In a week jam-packed with the return of rockers past (Wild Flag, a.k.a. two-thirds of Sleater-Kinney, playing sold-out shows 10/8–9 at the Empty Bottle; Bryan Ferry 10/11 at Civic Opera House; Social Distortion 10/6 at Congress), we give the nod to this sort-of solo project from the leader of the recently reunited Pavement. Expect skewed pop full of offhand melodies, contorted riffs, and enough digressions to rival Chicago politicians.
GO: 10/6 at 8. $22.50. Metro, 3730 N Clark (concert moved from the Vic; all tickets honored). jamusa.com


film Susan Orlean on Rin Tin Tin
The author, New Yorker writer, and rare real-life person portrayed by Tilda Swinton spends an evening at the Music Box talking about the subject that has occupied her past couple of years: Rin Tin Tin. Orlean reads from her new book on the 1920s canine movie star and hosts a screening of the pooch’s most famous silent film, Clash of the Wolves. A warning for soft touches: Representatives from Chicago Canine Rescue will trot out adoptable dogs in the theatre lobby.
GO: 10/8 at 5:30. $12 program only; $35 with a copy of the book; $17–$40 for a double feature with Adaptation, loosely inspired by Orlean’s The Orchid Thief, at 2. Music Box Theatre, 3733 N Southport. musicboxtheatre.com

ALSO THIS WEEK: The 47th annual Chicago International Film Festival opens with the Chicago-shot Last Rites of Joe May, with director Joe Maggio and Chicago native and star Dennis Farina in attendance, 10/6 at the Harris.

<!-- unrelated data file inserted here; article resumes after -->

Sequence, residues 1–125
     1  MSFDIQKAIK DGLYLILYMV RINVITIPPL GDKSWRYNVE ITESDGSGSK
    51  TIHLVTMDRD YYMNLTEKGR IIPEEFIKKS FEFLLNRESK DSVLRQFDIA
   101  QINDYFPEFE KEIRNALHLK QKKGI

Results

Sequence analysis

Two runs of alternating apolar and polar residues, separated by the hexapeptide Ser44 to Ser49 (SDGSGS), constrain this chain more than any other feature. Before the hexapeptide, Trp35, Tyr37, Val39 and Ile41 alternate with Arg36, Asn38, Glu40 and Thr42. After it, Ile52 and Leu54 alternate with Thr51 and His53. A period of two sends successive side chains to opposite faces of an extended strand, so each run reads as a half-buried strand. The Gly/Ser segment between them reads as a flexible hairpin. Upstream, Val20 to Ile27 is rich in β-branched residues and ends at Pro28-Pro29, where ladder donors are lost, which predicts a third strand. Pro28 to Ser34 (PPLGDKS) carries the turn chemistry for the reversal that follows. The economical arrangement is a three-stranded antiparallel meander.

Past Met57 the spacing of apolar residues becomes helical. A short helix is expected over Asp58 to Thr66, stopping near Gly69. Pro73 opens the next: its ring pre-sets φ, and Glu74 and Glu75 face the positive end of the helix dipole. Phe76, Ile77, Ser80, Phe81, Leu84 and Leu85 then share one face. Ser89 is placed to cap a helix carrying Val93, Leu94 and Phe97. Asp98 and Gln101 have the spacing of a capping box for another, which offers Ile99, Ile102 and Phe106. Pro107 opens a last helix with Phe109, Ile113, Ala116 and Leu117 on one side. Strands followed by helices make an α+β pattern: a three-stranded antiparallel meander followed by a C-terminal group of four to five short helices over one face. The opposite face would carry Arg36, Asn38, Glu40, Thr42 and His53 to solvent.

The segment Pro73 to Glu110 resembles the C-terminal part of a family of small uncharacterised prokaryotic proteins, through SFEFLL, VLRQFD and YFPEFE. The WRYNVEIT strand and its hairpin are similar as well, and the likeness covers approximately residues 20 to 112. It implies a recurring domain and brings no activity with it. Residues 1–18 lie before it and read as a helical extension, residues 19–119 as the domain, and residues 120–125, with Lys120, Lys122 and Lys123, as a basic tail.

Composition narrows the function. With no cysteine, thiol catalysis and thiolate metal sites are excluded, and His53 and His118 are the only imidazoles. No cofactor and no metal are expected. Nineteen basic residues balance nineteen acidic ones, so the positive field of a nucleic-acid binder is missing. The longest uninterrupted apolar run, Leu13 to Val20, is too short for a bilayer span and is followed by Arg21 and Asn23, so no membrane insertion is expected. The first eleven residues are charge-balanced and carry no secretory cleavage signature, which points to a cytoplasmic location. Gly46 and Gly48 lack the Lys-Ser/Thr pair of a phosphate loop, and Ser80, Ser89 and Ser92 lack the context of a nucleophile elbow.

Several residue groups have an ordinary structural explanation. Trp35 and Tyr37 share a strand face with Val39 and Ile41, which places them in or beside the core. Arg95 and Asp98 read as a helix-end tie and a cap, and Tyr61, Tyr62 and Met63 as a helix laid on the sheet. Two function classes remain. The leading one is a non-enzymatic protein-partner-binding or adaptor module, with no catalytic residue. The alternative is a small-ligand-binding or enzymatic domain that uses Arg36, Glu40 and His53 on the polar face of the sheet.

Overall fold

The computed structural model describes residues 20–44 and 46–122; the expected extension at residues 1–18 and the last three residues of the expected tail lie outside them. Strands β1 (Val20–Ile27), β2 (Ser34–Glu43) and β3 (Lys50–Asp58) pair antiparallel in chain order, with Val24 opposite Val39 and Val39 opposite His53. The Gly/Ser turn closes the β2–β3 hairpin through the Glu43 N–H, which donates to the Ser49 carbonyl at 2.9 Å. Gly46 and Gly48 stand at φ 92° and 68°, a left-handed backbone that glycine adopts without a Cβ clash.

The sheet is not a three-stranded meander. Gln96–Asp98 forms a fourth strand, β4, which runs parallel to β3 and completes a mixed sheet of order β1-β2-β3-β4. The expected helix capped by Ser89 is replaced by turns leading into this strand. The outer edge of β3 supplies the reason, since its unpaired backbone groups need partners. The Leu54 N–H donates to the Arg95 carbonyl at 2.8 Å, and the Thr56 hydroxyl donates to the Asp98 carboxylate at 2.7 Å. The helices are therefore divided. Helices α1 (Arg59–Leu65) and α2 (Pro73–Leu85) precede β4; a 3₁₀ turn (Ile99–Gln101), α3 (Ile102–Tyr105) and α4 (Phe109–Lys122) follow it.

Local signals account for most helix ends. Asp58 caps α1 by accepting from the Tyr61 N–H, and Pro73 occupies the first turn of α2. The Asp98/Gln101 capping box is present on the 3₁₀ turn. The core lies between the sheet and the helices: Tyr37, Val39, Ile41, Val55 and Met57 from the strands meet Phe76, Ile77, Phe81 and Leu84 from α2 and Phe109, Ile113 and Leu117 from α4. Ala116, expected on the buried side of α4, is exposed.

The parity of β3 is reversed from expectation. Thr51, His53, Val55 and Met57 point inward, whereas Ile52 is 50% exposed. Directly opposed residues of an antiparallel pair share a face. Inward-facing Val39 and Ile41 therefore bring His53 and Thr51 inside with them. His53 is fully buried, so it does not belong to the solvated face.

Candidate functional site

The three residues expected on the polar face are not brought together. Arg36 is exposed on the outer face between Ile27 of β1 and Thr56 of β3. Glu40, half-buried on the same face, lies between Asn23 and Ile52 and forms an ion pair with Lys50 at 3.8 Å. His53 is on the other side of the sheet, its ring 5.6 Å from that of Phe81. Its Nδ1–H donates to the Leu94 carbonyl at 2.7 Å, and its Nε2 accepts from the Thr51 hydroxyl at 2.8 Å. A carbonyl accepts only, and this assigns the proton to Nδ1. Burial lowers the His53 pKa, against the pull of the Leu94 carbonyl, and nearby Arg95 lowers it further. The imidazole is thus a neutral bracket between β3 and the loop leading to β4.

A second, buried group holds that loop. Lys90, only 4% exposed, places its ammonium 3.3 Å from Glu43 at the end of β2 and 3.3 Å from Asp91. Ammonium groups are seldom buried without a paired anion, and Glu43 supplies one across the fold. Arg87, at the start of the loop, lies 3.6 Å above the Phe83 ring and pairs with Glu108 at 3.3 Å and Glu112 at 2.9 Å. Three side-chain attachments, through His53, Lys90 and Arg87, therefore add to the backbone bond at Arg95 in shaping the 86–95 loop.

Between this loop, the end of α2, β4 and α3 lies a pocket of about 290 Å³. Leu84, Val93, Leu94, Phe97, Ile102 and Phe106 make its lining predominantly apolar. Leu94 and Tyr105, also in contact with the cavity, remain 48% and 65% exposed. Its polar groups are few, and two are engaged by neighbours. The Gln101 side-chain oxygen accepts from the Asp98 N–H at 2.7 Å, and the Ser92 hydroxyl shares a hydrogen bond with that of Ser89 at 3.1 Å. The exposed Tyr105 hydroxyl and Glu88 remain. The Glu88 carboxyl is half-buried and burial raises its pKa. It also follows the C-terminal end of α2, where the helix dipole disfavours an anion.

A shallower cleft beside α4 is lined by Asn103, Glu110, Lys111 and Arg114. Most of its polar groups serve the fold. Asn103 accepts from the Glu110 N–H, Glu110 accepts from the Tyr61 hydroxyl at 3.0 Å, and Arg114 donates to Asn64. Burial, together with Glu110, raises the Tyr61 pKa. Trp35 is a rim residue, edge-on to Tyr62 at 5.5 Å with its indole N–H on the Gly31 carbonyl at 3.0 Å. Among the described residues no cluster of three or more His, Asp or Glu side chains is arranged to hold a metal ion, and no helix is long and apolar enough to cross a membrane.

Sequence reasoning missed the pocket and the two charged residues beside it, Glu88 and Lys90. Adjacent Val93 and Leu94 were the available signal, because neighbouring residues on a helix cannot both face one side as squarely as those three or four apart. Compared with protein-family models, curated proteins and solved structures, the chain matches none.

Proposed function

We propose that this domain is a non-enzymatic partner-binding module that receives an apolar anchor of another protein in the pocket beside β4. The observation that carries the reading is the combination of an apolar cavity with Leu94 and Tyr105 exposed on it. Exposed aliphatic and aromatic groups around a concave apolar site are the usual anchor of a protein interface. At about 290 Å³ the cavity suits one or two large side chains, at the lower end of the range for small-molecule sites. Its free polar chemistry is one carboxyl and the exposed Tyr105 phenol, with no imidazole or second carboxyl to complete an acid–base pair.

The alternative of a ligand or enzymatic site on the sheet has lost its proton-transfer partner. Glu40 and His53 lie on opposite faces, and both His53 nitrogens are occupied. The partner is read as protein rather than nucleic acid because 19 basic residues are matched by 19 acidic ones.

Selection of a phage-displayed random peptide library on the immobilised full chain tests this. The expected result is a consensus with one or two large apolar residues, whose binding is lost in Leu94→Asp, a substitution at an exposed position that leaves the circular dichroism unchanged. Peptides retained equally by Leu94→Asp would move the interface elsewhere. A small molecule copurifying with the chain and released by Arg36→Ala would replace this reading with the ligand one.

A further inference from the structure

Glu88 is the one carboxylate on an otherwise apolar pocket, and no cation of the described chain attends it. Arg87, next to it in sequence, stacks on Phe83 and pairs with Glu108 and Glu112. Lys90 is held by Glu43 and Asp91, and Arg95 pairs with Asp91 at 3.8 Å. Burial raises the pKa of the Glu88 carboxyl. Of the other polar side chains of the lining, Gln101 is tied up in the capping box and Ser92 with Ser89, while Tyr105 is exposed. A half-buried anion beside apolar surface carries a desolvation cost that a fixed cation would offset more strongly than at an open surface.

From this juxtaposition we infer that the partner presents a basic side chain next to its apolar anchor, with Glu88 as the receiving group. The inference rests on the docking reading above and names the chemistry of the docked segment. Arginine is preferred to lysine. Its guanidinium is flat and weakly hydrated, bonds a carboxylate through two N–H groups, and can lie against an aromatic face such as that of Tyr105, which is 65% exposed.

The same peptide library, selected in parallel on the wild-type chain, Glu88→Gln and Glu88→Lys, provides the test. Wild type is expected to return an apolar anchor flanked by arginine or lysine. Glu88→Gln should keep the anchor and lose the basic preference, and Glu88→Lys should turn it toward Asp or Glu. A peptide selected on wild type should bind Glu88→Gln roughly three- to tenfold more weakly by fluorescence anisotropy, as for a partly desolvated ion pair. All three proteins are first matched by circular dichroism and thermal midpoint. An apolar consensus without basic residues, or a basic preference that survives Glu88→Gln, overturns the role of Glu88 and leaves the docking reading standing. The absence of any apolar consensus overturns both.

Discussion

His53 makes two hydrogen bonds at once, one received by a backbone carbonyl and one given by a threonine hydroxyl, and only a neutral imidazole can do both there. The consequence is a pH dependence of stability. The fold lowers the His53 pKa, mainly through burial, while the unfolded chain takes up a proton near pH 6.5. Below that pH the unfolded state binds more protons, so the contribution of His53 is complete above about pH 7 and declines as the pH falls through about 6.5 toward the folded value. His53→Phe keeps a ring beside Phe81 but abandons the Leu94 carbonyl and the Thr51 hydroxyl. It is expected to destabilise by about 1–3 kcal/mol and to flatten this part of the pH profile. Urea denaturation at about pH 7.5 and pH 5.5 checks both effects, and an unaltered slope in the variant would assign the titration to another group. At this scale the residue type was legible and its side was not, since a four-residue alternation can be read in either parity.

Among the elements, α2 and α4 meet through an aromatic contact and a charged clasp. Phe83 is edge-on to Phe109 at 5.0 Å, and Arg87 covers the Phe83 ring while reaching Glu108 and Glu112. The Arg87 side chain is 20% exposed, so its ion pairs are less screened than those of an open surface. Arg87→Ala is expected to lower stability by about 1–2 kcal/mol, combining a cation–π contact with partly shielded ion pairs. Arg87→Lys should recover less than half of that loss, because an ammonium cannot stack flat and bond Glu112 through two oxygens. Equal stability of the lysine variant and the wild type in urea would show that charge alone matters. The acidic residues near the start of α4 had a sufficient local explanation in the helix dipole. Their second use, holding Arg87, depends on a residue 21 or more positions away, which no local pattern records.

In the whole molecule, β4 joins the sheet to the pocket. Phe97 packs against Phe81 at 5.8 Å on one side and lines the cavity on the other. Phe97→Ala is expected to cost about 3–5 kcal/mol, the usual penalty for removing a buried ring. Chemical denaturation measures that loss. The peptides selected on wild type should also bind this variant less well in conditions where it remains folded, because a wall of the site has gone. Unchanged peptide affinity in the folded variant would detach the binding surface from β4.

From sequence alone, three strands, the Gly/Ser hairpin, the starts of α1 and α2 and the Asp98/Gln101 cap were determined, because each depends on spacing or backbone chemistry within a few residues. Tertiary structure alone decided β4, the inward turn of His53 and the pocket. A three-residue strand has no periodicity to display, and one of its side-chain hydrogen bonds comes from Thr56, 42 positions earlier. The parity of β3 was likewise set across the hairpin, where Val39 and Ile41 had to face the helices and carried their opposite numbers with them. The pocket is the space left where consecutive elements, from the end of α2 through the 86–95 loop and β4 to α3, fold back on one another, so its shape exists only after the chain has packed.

Joan of Arc's Tim Kinsella
Tim Kinsella

Up next in our series of weekend plans from notable, in-the-know locals—a.k.a. people we like: Tim Kinsella, front man for the local experimental band Joan of Arc and, now, author. Kinsella hosts a book-release party for his debut novel, The Karaoke Singer’s Guide to Self-Defense, 10/11 at The Hideout. Admission is $1.

“Friday I’ll be joining the Occupy Chicago protest over at Jackson and LaSalle. It seems like a nice carnival atmosphere to immerse myself in. A minor hobby of mine is thinking about slogans to put on posters for instances like this, but I’m keeping this one to myself because not everyone thinks my slogans are clever. The last protest I went to three years ago, I had a bag of posters with self-made slogans, and none of my friends offered to hold one.

“If that falls through, a buddy of mine, Matt Clark of White/Light, is playing at The Hideout. It’s his first solo performance, and I’m a fan, to say the least.